Putting the activist in impact investor

<span style="font-weight: 400;" data-mce-style="font-weight: 400;"><em>ImpactAlpha, Nov. 19</em> – It’s time for impact investors to speak more like activists.</span><span style="font-weight: 400;" data-mce-style="font-weight: 400;">The Global Steering Group on Impact Investment’s abrupt relocation of its global summit from protest weary Santiago to Buenos Aires highlighted a broader disconnect between impact investing and the mounting conflicts between citizens and the governments and corporations that have power over them.</span>https://impactalpha.com/sir-ronald-cohen-we-are-overthrowing-the-dictatorship-of-profit-podcast/<span style="font-weight: 400;" data-mce-style="font-weight: 400;">At least part of that disconnect begins in how impact investors communicate. </span><span style="font-weight: 400;" data-mce-style="font-weight: 400;">Impact investors speak about the need for action by the investors, bankers, and institutions, often casting the practice as an elite exercise. </span><li style="font-weight: 400;" data-mce-style="font-weight: 400;"><span style="font-weight: 400;" data-mce-style="font-weight: 400;">Speaking only in the language of </span><b>market-rate returns</b><span style="font-weight: 400;" data-mce-style="font-weight: 400;"> potentially alienates the middle-class, working-class, and poor people who action on climate change and inequality, but also the top-down system that created and calcified them. </span></li><li style="font-weight: 400;" data-mce-style="font-weight: 400;"><span style="font-weight: 400;" data-mce-style="font-weight: 400;">Trumpeting data on </span><b>returns on an impact investment</b><span style="font-weight: 400;" data-mce-style="font-weight: 400;"> might be good news to a skeptical banker, but it’s going to sound an awful lot like profiting off the poor to everyone else, even if that’s not the case. </span></li><li style="font-weight: 400;" data-mce-style="font-weight: 400;"><span style="font-weight: 400;" data-mce-style="font-weight: 400;">Framing </span><b>assets under management</b><span style="font-weight: 400;" data-mce-style="font-weight: 400;"> as the primary arbiter of importance or credibility appears to condone the wealth gaps borne from centuries of marginalizing women and nonwhite people. </span></li><li style="font-weight: 400;" data-mce-style="font-weight: 400;"><span style="font-weight: 400;" data-mce-style="font-weight: 400;">An emphasis on </span><b>fund size</b><span style="font-weight: 400;" data-mce-style="font-weight: 400;"> suggests that change is not something that anyone without millions of dollars at their disposal can create -- that it has to happen to us, not with us.</span></li> <span style="font-weight: 400;" data-mce-style="font-weight: 400;">In other words, talking about impact investing in terms of numbers makes the case for it only to the elite group of people who see the world in terms of numbers. To everyone else, impact investing ends up looking a lot like rearranging the deck chairs on the Titanic: making somewhat better choices within the same structure, but not getting us any closer to a better one.</span><span style="font-weight: 400;" data-mce-style="font-weight: 400;">The truth is: climate strikers led by Greta Thunberg and the protestors on the streets of Santiago may be more pro-business than the leaders dragging their feet on change (</span><i><span style="font-weight: 400;" data-mce-style="font-weight: 400;">see, “</span></i><a href="https://impactalpha.com/impact-investings-road-to-relevance-lead-through-santiago-until-it-didnt/" data-mce-href="https://impactalpha.com/impact-investings-road-to-relevance-lead-through-santiago-until-it-didnt/"><i><span style="font-weight: 400;" data-mce-style="font-weight: 400;">Impact investing’s road to relevance led through Santiago – until it didn’t</span></i></a><i><span style="font-weight: 400;" data-mce-style="font-weight: 400;">”</span></i><span style="font-weight: 400;" data-mce-style="font-weight: 400;">). Impact investors need to join them and start speaking the language of social and environmental justice.</span><span style="font-weight: 400;" data-mce-style="font-weight: 400;">My path to impact investing began in activism. Protesting inequalities exposed by Hurricane Katrina eventually led me to question why business and civil society were structured the way they were.</span><span style="font-weight: 400;" data-mce-style="font-weight: 400;">Reading the profiles of the average Chilean protester, I was struck by how similar their backgrounds are to mine: raised middle class and struggling to stay there amid rising costs in health care, tuition, transportation, and other basic living expenses. </span><span style="font-weight: 400;" data-mce-style="font-weight: 400;">Many impact investors </span><i><span style="font-weight: 400;" data-mce-style="font-weight: 400;">think</span></i><span style="font-weight: 400;" data-mce-style="font-weight: 400;"> like activists. They want </span><b>systemic change</b><span style="font-weight: 400;" data-mce-style="font-weight: 400;"> and to </span><b>right historical wrongs</b><span style="font-weight: 400;" data-mce-style="font-weight: 400;">. They rarely </span><i><span style="font-weight: 400;" data-mce-style="font-weight: 400;">speak</span></i><span style="font-weight: 400;" data-mce-style="font-weight: 400;"> like them.</span><span style="font-weight: 400;" data-mce-style="font-weight: 400;">There’s a reason why most people outside finance have never heard of “impact investing.” It’s because we’ve never tried to make the case to them, or given them a role. </span><span style="font-weight: 400;" data-mce-style="font-weight: 400;">People everywhere want to be part of a solution. It’s time we spoke their language.</span><em>Meg Massey is the founder of <a href="http://www.sanspeur.co/" data-mce-href="http://www.sanspeur.co/">Sanspeur</a> and a contributor to ImpactAlpha.</em>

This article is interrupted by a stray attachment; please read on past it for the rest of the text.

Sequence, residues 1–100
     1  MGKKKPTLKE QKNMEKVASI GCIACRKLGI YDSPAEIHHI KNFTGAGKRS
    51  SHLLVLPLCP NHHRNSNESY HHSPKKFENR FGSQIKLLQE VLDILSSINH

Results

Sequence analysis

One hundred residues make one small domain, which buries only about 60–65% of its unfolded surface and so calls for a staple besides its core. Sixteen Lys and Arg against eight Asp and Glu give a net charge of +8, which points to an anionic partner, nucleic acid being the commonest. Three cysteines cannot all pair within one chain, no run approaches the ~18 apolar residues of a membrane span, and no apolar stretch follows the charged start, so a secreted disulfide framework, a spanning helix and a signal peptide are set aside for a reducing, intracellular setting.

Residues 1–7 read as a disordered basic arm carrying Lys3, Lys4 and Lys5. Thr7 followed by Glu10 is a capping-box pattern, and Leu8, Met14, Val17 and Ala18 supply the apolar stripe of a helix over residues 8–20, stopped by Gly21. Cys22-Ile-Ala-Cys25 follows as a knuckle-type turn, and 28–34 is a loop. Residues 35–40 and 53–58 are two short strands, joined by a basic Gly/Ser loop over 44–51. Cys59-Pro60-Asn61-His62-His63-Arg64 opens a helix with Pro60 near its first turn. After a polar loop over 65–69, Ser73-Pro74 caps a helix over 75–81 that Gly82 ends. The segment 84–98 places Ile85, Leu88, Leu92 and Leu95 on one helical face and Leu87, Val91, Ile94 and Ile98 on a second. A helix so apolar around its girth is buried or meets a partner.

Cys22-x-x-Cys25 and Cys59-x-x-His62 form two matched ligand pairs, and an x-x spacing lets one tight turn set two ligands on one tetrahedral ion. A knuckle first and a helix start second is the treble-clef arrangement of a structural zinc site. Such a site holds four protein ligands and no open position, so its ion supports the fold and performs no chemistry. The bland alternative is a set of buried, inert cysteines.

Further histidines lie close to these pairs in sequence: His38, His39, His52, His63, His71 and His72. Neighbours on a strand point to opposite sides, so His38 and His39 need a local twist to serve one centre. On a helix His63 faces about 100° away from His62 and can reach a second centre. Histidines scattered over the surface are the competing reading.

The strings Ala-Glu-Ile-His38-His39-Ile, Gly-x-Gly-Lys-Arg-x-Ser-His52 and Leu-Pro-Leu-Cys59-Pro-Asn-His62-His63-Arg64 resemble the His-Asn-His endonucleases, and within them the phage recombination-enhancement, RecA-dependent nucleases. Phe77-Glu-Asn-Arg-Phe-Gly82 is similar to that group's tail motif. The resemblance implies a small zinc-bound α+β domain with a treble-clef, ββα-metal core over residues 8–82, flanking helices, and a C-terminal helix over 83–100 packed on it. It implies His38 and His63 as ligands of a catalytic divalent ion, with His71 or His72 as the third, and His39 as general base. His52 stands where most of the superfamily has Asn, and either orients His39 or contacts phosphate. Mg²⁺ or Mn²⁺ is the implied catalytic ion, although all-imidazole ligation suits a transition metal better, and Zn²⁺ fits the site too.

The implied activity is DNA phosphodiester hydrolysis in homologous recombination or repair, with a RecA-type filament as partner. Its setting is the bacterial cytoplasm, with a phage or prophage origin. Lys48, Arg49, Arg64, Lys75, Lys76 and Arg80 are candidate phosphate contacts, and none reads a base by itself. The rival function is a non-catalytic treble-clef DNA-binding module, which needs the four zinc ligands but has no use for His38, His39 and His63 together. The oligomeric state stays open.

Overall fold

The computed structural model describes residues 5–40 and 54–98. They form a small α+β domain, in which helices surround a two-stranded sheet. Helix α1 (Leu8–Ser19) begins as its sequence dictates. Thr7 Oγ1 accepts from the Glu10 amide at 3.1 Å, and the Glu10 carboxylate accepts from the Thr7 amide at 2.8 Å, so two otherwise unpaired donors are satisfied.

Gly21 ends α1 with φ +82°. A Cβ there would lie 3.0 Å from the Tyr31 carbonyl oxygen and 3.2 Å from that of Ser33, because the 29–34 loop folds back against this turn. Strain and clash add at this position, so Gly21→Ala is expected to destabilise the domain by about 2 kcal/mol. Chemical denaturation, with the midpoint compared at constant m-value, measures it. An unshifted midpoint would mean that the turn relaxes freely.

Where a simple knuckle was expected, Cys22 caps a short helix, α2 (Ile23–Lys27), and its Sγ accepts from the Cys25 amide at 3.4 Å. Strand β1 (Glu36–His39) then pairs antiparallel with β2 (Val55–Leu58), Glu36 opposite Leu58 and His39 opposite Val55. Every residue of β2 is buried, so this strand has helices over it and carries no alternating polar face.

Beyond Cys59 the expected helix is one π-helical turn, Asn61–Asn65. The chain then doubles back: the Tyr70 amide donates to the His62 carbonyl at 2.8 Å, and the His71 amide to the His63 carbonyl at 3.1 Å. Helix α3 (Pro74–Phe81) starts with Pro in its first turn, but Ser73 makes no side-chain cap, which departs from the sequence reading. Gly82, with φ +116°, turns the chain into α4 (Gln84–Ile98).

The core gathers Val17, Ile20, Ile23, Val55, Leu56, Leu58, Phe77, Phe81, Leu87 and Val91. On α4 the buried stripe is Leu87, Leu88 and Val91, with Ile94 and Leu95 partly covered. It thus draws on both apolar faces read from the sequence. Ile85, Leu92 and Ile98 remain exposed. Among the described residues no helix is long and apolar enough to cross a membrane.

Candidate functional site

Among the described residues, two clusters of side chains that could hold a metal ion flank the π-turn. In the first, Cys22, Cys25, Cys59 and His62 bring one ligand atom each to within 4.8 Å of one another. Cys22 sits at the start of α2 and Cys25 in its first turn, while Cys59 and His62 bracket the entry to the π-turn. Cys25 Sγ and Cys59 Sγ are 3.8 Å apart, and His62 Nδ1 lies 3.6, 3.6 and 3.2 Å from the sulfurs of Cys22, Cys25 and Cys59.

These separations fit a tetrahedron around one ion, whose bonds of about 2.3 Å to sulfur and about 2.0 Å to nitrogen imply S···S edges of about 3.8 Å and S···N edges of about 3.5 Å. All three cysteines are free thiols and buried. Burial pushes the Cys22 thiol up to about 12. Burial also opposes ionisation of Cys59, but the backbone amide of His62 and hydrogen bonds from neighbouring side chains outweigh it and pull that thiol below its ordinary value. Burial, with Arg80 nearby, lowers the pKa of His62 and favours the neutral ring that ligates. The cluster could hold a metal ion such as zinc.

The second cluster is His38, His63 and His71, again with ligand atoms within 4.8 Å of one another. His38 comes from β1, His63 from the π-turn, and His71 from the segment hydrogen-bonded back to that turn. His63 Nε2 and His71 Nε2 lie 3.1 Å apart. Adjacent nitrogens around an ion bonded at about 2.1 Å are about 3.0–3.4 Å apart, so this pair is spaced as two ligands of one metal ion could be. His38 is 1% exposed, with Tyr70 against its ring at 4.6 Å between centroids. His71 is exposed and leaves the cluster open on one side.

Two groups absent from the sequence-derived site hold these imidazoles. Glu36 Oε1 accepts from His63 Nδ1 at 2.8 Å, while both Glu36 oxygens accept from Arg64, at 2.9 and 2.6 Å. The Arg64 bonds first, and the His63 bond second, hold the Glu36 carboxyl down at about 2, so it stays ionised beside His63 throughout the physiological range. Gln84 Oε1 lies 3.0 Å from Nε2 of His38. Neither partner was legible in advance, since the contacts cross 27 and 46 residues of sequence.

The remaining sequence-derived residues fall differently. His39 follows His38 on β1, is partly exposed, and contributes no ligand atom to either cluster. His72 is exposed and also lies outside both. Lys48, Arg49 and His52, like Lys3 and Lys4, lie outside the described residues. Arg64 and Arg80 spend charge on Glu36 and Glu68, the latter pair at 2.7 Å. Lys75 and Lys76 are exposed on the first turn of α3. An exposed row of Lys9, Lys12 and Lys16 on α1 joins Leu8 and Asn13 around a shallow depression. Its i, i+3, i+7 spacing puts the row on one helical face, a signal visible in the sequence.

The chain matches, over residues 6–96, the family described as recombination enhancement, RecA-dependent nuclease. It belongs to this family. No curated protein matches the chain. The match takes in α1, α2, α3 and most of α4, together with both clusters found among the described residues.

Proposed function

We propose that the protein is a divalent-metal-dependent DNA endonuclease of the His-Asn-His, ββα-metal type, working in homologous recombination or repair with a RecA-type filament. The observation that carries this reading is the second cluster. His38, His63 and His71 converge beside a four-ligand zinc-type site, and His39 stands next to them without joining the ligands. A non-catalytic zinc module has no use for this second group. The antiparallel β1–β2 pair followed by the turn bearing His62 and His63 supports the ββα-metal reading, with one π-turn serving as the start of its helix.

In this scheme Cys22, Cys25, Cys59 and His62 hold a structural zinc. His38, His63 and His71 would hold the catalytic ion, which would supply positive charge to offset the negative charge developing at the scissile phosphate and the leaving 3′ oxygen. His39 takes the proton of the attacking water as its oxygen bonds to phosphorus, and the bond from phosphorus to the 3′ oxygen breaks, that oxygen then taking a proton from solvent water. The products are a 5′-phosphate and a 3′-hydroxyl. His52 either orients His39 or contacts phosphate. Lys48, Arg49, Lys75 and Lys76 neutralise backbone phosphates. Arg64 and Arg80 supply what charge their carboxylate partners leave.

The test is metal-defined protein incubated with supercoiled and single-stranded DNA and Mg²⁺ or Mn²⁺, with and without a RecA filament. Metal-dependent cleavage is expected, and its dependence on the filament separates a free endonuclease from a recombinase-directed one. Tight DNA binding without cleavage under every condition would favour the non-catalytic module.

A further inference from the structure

Impact investing’s road to relevance led through Santiago – until it didn’t

  • Impact investing is caught between a stalled global agenda, represented by the Paris climate agreement and the Sustainable Development Goals, and surging populism on the left and the right that is properly skeptical of bankers, corporations, billionaires and fund managers.

Franklin Templeton’s social infrastructure fund invests in hospitals, schools and care facilities

  • The firm has raised more than €150 million ($167 million) for the fund and made six investments, including a German university complex, a Swedish school, Italian and Danish hospitals, and health center and nursing home facilities in the U.K.